Monday, 15 January 2007
Impact study of AMSR-E radiances in the NCEP global data assimilation system
212B (Henry B. Gonzalez Convention Center)
Since 2002, the Advanced Microwave Scanning Radiometer on the Earth Observing System (AMSR-E) has been observing radiances from the atmosphere and surface of the Earth using 6 frequencies in microwave region from 6.9GHz to 89GHz.The instrument measures vertically and horizontally polarized radiation at each frequency. Current microwave imagers, such as SSM/I, SSMIS and AMSR-E, use almost the same channels in microwave region from 19GHz to 89GHz to acquire the information on moisture in the atmosphere. In addition to those channels, AMSR-E has 4 low frequency channels in microwave region (6.9GHz and 10.7GHz, dual polarization), which are sensitive to the sea surface wind and the sea surface temperature and less affected by the atmosphere. Therefore, these measurements contain the information on the sea surface wind and the sea surface temperature and can be assimilated under all weather conditions. The purpose of this study is to examine the impact of AMSR-E radiances including the low frequency channels on the National Centers for Environmental Prediction (NCEP) global data assimilation system (GDAS).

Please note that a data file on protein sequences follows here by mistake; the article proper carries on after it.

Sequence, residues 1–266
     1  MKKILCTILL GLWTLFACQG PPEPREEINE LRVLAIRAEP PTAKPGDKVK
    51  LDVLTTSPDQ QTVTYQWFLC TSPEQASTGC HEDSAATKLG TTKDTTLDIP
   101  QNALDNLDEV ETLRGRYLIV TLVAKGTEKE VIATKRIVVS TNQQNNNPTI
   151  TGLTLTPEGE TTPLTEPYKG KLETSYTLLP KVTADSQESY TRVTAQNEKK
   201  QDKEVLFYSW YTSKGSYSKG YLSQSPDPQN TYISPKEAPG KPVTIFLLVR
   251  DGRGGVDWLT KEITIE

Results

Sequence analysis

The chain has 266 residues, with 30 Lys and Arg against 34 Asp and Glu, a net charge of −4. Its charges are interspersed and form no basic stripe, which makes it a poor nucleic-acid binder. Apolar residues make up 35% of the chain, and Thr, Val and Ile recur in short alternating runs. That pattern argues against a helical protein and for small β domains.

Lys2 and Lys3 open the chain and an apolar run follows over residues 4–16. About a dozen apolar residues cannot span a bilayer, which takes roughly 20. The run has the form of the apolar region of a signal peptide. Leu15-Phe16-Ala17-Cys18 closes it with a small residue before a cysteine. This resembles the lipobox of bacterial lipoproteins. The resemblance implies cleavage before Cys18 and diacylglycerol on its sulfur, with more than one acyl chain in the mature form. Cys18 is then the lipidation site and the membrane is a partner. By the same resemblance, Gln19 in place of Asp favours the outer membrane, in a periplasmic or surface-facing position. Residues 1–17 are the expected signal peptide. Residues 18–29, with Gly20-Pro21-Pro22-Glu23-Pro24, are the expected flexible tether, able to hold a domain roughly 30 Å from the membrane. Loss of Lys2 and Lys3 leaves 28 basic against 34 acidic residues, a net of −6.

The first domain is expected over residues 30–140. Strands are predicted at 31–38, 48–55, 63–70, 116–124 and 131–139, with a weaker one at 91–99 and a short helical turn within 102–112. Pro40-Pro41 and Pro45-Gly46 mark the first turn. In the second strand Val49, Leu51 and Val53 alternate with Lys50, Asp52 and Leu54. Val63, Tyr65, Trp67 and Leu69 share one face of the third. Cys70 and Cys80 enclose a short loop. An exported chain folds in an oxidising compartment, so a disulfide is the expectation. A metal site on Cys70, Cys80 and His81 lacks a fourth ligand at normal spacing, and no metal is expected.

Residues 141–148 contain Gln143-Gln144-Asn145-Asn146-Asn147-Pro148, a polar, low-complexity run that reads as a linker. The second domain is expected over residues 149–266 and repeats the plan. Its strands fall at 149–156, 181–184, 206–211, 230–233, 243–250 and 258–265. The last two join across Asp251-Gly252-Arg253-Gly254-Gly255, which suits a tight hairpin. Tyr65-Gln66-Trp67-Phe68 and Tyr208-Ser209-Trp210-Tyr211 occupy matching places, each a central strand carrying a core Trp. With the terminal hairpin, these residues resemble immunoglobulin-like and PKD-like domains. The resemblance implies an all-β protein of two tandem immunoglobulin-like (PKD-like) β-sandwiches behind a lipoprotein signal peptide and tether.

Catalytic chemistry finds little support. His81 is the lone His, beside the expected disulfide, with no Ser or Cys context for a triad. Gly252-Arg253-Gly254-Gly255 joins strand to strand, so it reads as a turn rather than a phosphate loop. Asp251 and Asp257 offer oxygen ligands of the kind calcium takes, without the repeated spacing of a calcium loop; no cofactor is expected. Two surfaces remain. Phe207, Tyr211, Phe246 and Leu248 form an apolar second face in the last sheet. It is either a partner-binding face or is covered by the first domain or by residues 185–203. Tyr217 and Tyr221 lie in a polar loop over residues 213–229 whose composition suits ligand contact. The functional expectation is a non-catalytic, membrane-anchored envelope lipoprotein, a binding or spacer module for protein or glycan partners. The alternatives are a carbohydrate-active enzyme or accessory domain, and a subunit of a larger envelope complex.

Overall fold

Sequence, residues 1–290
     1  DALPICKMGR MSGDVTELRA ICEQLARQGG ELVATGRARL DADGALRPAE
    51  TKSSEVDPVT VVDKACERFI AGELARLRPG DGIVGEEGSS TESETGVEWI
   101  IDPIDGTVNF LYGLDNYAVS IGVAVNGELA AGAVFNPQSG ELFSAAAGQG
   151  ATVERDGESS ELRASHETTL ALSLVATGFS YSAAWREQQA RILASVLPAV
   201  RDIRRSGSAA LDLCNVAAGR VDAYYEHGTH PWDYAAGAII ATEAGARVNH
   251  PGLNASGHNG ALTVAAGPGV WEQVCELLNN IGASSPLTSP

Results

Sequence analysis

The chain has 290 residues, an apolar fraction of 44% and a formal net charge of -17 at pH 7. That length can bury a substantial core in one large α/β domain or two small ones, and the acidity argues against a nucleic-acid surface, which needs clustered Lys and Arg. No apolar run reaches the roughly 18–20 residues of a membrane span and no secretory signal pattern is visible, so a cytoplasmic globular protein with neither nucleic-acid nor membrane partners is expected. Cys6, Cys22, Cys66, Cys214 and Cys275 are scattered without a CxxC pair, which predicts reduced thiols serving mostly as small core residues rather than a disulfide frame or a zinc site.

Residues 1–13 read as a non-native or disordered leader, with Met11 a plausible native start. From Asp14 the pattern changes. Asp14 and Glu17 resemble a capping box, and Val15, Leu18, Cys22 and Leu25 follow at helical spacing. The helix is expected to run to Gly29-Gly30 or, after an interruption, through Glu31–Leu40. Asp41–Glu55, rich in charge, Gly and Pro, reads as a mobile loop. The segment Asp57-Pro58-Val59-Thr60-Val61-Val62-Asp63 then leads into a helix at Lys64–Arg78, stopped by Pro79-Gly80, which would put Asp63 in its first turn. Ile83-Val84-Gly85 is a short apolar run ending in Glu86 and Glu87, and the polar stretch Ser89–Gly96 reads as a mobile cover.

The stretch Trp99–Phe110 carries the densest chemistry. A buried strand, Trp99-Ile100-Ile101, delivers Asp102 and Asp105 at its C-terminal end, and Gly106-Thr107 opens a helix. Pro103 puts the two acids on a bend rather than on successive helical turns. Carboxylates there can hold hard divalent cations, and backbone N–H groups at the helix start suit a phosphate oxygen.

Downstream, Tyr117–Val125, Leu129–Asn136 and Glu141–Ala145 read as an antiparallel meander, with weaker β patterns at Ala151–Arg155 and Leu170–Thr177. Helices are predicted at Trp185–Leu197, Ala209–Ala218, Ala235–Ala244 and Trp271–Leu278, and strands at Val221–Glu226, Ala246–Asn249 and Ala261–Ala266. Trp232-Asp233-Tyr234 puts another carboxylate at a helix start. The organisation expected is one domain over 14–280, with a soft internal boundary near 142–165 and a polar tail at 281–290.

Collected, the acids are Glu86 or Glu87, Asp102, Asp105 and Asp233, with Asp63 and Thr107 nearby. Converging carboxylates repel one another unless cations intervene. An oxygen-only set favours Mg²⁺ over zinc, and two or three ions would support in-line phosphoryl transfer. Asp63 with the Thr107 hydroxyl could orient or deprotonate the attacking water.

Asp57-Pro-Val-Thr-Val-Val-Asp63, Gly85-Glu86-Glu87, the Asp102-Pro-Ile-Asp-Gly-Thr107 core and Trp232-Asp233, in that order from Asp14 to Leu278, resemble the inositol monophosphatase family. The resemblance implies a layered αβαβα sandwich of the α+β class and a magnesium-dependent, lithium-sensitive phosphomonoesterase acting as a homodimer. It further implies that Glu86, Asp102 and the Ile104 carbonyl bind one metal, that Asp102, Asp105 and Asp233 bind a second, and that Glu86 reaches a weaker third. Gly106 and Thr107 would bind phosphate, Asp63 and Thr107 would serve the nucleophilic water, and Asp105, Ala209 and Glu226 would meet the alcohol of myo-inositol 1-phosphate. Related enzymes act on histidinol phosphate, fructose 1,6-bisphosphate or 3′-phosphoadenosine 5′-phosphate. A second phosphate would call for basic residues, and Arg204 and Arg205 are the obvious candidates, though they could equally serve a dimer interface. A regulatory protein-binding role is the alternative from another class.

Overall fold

In order to include low frequency channels in the assimilation of AMSR-E radiances, a new microwave ocean emissivity model has been developed. The emissivity model is a two-scale ocean roughness model and the coefficients of the model were derived from the satellite measurements. Using the new emissivity model at low frequencies substantially reduced the biases in the simulated AMSR-E brightness temperature. The new emissivity model and its adjoint model have been implemented in the Community Radiative Transfer Model (CRTM) for the assimilation experiment. In the experiments, AMSR-E radiances from 10.7GHz to 36.5GHz have been assimilated with NCEP Gridpoint Statistical Interpolation (GSI) analysis system and the NCEP operational global forecast model.
In this presentation, we will show a comparison of the emissivity models and the impact of including the AMSR-E radiances in an assimilation system on forecasts.